This kind of observation should NOT be possible using Darwin for a Day. Street View image URLs are not stable. These cars might not be here in a month or two.
One of thousands buzzing around some kelp wrack.
Drab, brown lichen growing on rocks. Found some with spiraly apothecia.
This might be Leptosiphon liniflorus. Need to look at alternatives. Def. don't think it's Minuartia, Linum, or Limnanthes, which were my original thoughts.
Very small Atriplex? This was 2-3 cm high.
This stuff was flowering, despite it being December. Leftovers from the crazy warm spell I guess.
growing in the front lawn
I know the plant is toyon, but does anyone recognize the leaf condition it seems to have? Frankly all the lower elevation toyon looked kind of hardset on Mt. Diablo. Maybe they're stressed out by the lack of winter water?
Unknown carrion. I can't even tell if they're cetaceans or elephant seals or what.
Guessing this is caused by something in Andricus, but research is required. Lots of older brown ones on this valley oak too, but the green ones were spectacular.
Looks like I didn't jot down the name. Curses.
Possibly Rhopalomyia glutinosa as pictured on p. 291 of Russo, but it's not a perfect match. Color and bumpiness seem different.
In retrospect probably the same as http://www.inaturalist.org/observations/1374898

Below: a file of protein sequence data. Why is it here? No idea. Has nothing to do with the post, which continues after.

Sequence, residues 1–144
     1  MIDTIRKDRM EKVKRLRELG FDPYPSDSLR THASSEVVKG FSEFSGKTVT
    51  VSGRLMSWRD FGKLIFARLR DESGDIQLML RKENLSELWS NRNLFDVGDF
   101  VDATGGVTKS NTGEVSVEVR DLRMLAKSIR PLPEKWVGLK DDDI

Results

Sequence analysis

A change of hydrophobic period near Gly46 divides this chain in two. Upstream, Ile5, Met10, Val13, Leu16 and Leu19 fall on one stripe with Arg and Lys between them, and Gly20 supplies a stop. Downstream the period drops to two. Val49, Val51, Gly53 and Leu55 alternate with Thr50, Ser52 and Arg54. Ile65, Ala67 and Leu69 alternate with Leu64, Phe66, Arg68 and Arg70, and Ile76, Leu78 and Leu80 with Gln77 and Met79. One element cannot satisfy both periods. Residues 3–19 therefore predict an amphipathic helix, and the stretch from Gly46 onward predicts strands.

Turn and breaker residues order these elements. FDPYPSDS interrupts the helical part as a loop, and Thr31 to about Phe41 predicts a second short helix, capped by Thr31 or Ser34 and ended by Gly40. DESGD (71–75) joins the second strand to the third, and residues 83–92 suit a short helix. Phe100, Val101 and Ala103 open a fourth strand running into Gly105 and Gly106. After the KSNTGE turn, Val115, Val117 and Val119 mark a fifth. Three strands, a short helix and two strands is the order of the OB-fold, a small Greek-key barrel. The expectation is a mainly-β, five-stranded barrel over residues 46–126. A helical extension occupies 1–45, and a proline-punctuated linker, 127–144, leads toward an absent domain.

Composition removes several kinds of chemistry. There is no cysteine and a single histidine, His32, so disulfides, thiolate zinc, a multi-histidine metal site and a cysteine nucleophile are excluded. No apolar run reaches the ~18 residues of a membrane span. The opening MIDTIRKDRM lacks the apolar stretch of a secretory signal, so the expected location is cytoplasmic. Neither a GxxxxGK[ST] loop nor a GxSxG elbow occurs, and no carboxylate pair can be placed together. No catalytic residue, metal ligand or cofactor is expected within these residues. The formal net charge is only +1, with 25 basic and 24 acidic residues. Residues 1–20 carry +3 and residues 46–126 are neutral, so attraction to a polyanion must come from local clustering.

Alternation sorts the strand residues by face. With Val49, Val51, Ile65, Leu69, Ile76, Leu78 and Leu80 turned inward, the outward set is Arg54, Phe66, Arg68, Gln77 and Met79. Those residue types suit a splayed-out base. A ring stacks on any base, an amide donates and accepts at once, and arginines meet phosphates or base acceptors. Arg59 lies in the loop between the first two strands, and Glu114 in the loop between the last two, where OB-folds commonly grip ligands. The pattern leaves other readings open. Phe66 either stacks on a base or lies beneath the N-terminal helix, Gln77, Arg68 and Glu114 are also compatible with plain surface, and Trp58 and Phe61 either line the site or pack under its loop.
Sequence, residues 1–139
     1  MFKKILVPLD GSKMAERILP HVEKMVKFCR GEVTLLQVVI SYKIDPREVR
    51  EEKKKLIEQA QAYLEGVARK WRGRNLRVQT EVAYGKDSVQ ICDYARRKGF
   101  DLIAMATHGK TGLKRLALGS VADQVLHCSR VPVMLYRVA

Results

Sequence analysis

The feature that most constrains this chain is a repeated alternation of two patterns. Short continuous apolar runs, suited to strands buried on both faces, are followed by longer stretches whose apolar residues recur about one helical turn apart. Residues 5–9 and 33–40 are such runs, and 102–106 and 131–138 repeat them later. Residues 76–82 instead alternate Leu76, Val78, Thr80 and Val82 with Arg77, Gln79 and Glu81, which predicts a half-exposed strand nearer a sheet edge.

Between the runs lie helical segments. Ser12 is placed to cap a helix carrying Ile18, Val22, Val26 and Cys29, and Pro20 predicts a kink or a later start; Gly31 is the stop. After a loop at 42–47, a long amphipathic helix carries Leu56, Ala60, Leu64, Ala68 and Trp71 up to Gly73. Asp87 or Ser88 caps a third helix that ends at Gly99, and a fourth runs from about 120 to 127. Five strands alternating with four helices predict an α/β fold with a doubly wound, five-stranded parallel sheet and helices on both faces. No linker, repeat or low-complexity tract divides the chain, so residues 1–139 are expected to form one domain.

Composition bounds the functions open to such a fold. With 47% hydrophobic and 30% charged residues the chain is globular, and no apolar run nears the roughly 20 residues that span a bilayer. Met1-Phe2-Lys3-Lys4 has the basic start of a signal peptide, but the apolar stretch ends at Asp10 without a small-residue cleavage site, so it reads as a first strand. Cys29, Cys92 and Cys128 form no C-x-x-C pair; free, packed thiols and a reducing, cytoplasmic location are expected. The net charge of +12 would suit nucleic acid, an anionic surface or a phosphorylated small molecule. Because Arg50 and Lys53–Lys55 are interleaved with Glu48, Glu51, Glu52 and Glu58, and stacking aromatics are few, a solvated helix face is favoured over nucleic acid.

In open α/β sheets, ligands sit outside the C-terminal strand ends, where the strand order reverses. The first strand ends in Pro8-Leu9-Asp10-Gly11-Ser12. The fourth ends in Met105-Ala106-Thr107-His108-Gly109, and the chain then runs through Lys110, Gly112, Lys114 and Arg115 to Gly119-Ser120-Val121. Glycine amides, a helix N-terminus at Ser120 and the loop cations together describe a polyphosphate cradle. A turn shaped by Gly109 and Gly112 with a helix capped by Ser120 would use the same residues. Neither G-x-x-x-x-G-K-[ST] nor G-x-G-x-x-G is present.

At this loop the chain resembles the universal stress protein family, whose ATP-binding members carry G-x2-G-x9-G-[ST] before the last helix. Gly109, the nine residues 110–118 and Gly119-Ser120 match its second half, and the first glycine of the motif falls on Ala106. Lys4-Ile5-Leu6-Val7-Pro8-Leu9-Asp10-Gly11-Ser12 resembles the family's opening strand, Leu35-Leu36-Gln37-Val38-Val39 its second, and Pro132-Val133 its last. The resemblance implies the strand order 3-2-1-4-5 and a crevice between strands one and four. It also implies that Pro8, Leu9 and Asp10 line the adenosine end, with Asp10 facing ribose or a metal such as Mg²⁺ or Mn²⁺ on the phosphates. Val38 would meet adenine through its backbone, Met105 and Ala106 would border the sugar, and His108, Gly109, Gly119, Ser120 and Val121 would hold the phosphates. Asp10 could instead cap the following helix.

Seems like it's something in the viridipes group.
I need to figure out how to distinguish the White-tailed Kite from the lighter male Northern Harriers. This one had tapered wings and seemed slim overall, so I figured it was a kite, but another guy out there seemed to think it was a Harrier.
Squirrels around Flagstaff have big ears and white puffy tails. Thanks for the reminder and the ID, Anita!
Scott Creek has so many wonderful hydroids. Hydroids are diverse, beautiful, and goddamn tiny, making it very hard to capture that beauty and diversity. These Abietinaria are pretty big, but to actually see the structure of the hydrothecae or the hydranths, you need to get a lot closer.
Quite a beauty, and I think it's the first time I've seen it! This also marks one of the first times I've actually paid attention to background colors while taking the picture. Noticed the blue tint in the leaves, and thought, "I want that!" Need to do this more.
ID based on the fact that it's the only Calflora species for Fresno county and the handout they gave us on this trip. The Jepson key distinguishes this by its fruit.